The United Nations Economic and Social Commission for Asia and the Pacific (ESCAP) has called for energy security and sustainable development amid rising concerns that rising fuel prices are hurting the poor and low-income groups.
The UN's Asia-Pacific body has called on regional governments to implement sustainable energy plans
The United Nations Economic and Social Commission for Asia and the Pacific (ESCAP), has put energy security at the centre of the regional development debate, as pressures from record-high fuel costs and food prices mount on regional economies.
In its report on energy security and sustainable development, released to coincide with a ministerial commission session, ESCAP says the aim is to ensure regional energy policies for growth and environmental sustainability.
It also warns that the heavy dependency on fossil fuels is aggravating the region’s economic vulnerability. Fossil fuel consumption is expected to remain very high, reaching 80 percent in 2030.
Investment in energy-related infrastructure is expected to reach nine trillion US dollars if steps to improve efficiencies are not taken. If such steps are taken, the figure could fall to 8.3 trillion dollars
UN ESCAP executive secretary, Noeleen Heyzer, said whilst presenting the report in Bangkok that the challenge faced was “in bringing forth inclusive and sustainable development in the region.”
She added that the “recent hike in oil prices” as well as “the whole issue of climate change” were very much linked with energy production and consumption and the use of fossil fuel.”
Since 1980, the use of primary energy in the Asia-Pacific region has doubled -- pushed by economic growth, massive investment in infrastructure, construction and rising population numbers. Heyzer said ESCAP wanted to address the following questions:
“How do we improve energy efficiency especially on the demand-side management? How do we reduce wastage from industry, from transport, from agriculture? How do we enhance renewable energy and how do we build up a greater infrastructure that is based on fairer access and distribution of the energy system?”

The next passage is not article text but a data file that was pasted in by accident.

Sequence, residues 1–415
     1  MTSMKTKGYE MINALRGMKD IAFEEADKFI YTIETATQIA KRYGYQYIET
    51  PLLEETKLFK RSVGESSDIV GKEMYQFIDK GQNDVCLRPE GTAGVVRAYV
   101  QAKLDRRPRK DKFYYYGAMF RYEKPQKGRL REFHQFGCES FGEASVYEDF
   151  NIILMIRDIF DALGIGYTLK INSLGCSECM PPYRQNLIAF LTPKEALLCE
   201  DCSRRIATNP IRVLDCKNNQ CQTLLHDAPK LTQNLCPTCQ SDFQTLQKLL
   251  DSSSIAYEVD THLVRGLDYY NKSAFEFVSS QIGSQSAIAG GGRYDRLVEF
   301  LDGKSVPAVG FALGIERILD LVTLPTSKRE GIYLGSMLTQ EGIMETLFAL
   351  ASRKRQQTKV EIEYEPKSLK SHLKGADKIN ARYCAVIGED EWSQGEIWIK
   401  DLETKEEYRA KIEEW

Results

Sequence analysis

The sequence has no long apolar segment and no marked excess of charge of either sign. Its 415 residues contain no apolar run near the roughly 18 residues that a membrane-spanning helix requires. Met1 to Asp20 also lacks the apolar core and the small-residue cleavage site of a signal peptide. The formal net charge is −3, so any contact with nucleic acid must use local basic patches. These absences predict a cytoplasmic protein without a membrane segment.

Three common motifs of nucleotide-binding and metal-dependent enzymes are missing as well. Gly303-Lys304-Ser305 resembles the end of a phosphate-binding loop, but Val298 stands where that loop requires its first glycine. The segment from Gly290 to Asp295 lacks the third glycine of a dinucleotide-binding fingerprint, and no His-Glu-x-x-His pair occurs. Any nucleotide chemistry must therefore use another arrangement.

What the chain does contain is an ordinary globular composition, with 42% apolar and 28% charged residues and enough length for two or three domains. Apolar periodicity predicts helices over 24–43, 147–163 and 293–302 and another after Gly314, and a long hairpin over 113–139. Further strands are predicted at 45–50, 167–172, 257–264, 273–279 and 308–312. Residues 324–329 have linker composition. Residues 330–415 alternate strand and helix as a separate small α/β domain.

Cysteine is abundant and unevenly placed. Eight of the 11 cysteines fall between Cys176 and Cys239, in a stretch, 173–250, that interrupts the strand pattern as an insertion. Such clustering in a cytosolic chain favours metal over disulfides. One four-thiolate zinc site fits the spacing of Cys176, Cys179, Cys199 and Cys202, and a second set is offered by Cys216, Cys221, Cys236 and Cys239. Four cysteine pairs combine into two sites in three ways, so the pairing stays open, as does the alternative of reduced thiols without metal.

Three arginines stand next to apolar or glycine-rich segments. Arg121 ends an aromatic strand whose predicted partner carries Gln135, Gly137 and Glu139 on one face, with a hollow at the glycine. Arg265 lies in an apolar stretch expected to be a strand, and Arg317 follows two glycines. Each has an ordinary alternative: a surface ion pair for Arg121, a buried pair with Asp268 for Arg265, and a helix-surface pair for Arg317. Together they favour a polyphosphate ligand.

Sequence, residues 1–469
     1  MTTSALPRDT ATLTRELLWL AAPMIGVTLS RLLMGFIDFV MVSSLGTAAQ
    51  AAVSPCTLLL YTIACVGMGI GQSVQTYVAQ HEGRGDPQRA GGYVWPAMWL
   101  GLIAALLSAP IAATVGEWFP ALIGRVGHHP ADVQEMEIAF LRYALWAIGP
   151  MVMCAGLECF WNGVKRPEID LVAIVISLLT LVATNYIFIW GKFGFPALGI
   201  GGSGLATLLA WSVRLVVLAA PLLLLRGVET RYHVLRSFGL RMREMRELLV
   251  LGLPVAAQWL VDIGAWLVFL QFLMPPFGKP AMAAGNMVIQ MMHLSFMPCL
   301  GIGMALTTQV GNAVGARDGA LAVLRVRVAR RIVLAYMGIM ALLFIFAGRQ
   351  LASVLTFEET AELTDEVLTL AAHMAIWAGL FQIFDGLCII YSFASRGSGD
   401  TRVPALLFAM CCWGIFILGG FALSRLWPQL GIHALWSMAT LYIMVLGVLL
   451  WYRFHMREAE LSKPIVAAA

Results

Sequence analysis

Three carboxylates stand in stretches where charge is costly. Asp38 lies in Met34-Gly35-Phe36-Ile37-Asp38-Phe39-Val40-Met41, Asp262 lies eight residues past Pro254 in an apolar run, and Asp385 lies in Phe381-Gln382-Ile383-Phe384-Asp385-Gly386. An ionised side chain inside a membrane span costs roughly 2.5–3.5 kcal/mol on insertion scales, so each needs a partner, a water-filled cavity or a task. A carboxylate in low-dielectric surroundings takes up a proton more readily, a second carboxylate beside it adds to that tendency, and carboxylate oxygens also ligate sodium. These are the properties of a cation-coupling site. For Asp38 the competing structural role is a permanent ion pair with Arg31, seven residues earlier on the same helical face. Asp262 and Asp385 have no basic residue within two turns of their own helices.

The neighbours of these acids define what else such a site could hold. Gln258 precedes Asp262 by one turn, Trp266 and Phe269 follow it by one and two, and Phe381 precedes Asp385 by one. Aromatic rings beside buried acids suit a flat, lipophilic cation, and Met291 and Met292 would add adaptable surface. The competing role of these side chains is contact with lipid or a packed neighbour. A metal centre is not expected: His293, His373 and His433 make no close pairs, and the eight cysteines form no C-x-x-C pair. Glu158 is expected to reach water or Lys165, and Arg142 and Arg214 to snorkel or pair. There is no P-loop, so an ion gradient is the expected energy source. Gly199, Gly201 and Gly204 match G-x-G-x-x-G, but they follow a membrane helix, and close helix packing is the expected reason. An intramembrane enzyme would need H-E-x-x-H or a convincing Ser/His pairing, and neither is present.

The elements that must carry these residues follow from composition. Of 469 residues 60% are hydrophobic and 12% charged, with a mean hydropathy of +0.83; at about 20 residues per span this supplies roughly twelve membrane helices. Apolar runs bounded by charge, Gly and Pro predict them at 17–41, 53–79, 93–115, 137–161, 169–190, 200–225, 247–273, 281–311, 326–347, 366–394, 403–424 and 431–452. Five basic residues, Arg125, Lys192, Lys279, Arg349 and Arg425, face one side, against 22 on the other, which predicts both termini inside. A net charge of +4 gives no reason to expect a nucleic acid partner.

Heyzer stated that the implications of climate change and the energy crisis were huge for the Asia-Pacific region, which is already home to over 600 million of the world’s poorest people.
Wise use of resources
Thailand’s Prime Minister, Samak Sundaravej, in his opening address to ministers and delegates attending the ministerial session, called for care in the future.
“We need to pay attention to environmental sustainability and use natural resources wisely,” he said, “while maintaining sound economic growth. We should work to safeguard the region’s great wealth of biodiversity that is being threatened and include this in our national plans.”
ESCAP’s report says very bluntly that the Asia-Pacific region can no longer afford to maintain its current unsustainable use of energy and still ensure economic growth. It calls for more controlled and energy-efficient consumption in residential, commercial and industrial use.
ESCAP also appealed to the private sector, along with regional governments, to bring about the efficiencies. Over the weekend, private sector representatives and officials met in Bangkok to discuss the issue of energy security. On Monday, the ministerial round table also examined policy options for the public and private sectors.